Like the rest of the world, the Library of Congress was very saddened to hear of the passing of Jimmy Buffett this past weekend. His passing was, to us, all the more poignant as Mr. Buffett’s iconic recording, “Margaritaville,” was added to the Library’s National Recording Registry just earlier this year.
At the time, Mr. Buffett expressed his great pleasure at having his song selected, providing to us not only a wonderful interview on the song and his career but also generously sharing his memories of its making.
At the time of its induction, esteemed music writer (and Buffett fan) Scott Atwell wrote for the Library the following essay. We share it below.
Editor’s Note: Read more, see link below for original item…
The first person I met at the Bar & Chill was a bald guy in a black T-shirt, black drawstring shorts, and flip-flops, with a Harley-Davidson tattoo on his right arm and a claddagh ring on his left hand. He was drinking and laughing with a few friends. He gestured to the empty stool next to him and said, “We don’t bite.”
I offered an expression of if-you-insist, and he said, “Bring it.” His tone was cheerful, as you might expect at the Bar & Chill, the principal drinking-and-dining establishment that looks out on the town center of Latitude Margaritaville, an active-living community for Jimmy Buffett enthusiasts, aged “55 and better,” in Daytona Beach, Florida.
The Bar & Chill was open to the evening. A gentle breeze fanned the lanai. On a flat-screen, the Providence Friars led the Vermont Catamounts by a few buckets. A bartender brought a Perfect Margarita in a plastic cup.
The bald man, drinking a vodka soda, said his name was Phil. Phil Murphy, from Arlington, Massachusetts, aged sixty-four. Formerly a research director at Forrester, retired since 2015. “I was in the air for twenty years,” he said. He looked and sounded less like my idea of a Parrothead, as Jimmy Buffett’s diehard fans are called, than like Mike Ehrmantraut, the melancholic fixer in “Breaking Bad.”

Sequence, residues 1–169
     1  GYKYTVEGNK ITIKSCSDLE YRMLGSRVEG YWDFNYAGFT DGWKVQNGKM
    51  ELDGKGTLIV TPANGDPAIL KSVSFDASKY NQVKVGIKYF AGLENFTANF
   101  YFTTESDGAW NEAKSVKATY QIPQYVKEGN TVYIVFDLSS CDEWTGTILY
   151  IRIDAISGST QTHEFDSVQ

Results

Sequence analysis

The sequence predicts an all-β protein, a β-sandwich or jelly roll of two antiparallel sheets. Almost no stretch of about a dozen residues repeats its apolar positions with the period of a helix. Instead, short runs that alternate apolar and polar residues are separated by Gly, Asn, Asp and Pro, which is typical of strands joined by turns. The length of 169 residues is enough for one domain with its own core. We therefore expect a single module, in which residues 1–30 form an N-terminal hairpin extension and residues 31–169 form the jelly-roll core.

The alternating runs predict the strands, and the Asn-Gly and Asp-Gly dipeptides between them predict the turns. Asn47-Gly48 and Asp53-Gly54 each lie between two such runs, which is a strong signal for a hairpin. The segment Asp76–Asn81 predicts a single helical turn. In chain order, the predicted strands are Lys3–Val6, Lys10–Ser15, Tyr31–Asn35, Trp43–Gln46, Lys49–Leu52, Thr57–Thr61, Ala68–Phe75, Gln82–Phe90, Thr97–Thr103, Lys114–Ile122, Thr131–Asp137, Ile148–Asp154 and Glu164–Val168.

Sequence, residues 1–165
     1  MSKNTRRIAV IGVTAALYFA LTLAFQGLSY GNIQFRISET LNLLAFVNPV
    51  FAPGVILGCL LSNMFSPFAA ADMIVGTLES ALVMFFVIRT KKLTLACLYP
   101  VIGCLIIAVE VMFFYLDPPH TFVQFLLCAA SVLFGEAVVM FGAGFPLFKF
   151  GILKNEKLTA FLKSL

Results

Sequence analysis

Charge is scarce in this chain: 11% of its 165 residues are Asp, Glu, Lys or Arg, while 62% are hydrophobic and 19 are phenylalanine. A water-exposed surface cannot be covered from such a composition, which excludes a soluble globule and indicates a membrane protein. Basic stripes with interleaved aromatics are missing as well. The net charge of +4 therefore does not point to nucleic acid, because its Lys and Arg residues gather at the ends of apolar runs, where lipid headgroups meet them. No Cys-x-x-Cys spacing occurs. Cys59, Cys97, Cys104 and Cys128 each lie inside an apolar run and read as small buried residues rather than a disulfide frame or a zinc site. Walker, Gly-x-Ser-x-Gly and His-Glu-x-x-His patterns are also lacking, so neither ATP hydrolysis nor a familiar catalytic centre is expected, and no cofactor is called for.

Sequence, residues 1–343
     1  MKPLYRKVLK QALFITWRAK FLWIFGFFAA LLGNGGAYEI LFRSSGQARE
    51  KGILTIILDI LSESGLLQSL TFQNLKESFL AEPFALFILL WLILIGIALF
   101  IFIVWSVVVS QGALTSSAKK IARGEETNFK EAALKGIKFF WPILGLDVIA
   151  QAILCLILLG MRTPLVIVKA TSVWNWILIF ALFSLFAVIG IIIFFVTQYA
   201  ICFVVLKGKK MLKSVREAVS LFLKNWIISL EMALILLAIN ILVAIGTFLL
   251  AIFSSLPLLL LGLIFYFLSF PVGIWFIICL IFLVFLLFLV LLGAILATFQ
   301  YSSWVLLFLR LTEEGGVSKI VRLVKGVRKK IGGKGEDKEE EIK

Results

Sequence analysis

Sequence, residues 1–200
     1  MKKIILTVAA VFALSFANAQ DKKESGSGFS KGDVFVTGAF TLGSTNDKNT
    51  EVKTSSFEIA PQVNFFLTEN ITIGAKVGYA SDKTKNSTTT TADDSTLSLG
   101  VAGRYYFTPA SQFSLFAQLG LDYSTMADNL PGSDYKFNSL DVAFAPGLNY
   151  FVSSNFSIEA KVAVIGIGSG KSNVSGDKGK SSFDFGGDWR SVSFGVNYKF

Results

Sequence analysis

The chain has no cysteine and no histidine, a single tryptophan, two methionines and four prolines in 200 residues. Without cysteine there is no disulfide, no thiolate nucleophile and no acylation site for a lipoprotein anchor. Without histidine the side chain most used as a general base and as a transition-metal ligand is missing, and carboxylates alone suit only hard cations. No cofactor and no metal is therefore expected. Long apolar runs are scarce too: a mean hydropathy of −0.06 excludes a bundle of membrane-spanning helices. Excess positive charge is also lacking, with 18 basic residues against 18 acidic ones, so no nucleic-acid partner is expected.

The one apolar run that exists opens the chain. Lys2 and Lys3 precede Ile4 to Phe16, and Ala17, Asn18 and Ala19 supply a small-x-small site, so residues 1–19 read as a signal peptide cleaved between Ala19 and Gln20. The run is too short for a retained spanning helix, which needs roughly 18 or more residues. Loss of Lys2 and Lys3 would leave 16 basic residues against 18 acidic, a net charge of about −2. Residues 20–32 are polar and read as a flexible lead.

Standing off his left shoulder, his wife, Betty, red hair cut short, added a dash of urbanity, a spritz of Allison Janney. Phil and Betty had organized an emergency fund for the restaurant’s staff during its Covid shutdown. One of their friends declared them “the king and queen of the Bar & Chill.”
Through all the times Irwin Allen destroyed cities in his ‘70s era disaster films, and as many times as Hollywood took out humanity through climate-based disasters or alien invasions, none did it better than Deep Impact.
Not for the destructive spectacle; Deep Impact has surprisingly little, and the visual effects lack the sizzle they once carried.
Instead, it’s because of Tea Leoni, standing in fear on the seashore with her previously disowned father, waiting for a cataclysmic tidal wave to end their lives.
Rarely does disaster claim the lead actor’s life. Here, she’s obliterated when humanity fails. There’s something inherently human about the acceptance, the defeat, and reality that drives Deep Impact’s drama to that moment (even if Leoni’s broadcast journalist shtick before lacks the same real world conviction).
The retirement speech of General Douglas MacArthur. A talk on three Caravaggio paintings by a National Gallery curator. Several hours of woodland noise to fall asleep to. All 13 episodes of Civilisation. Clips of how Gavi is coming on at Barcelona. An interview with Saul Bellow on Swiss Italian TV. A review of the De’Longhi Dedica coffee machine. A Tame Impala gig I missed in Hackney last summer. Gore Vidal drawling his way through Venice for 90 minutes. A guide to the five tones in spoken Thai.
Carl Sagan’s Cosmos. Someone’s hour-long drive through my old neighbourhood in LA. A documentary about the Meiji Restoration in French. How to re-pressurise a boiler. The academic philosopher Anthony Quinton explaining Wittgenstein. Martha Nussbaum explaining Aristotle. An American expat eating bánh cuon in Hanoi. A British expat eating prawn pad kaprao in Bangkok. Versions of L’Orfeo from the Barcelona and Zurich opera houses. A discussion of how close China came to industrialising in the Song dynasty. Four parkour runners seemingly beating the Tube in a race from Moorgate to Farringdon stations. A 158-minute interview with Emmanuel Macron. How to use an Indesit washer-dryer. The above is a basket of goods from the great souk we call YouTube. I pay a tenner a month for these videos. I could put up with adverts and pay nothing.
Knockin’ on Heaven’s Door’ is one of Bob Dylan’s greatest moments. Written in 1973, the track features a glamorous, all-star band. Boasting The Byrds frontman Roger McGuinn on the six-string and Jim Keltner on the drums, it also utilised the talents of the iconic backing singers Carol Hunter, Donna Weiss and Brenda Patterson. Together, this stellar lineup created something spiritually driven and emotionally hard-hitting.
Out of all of Dylan’s post-1960s work, ‘Knockin’ on Heaven’s Door’ is one of his most loved. Described by Dylan biographer Clinton Heylin as “an exercise in splendid simplicity”, it discusses the notions of life and death, and through its glorious composition, it has earned legions of fans with an inter-generational appeal that is largely unseen in music.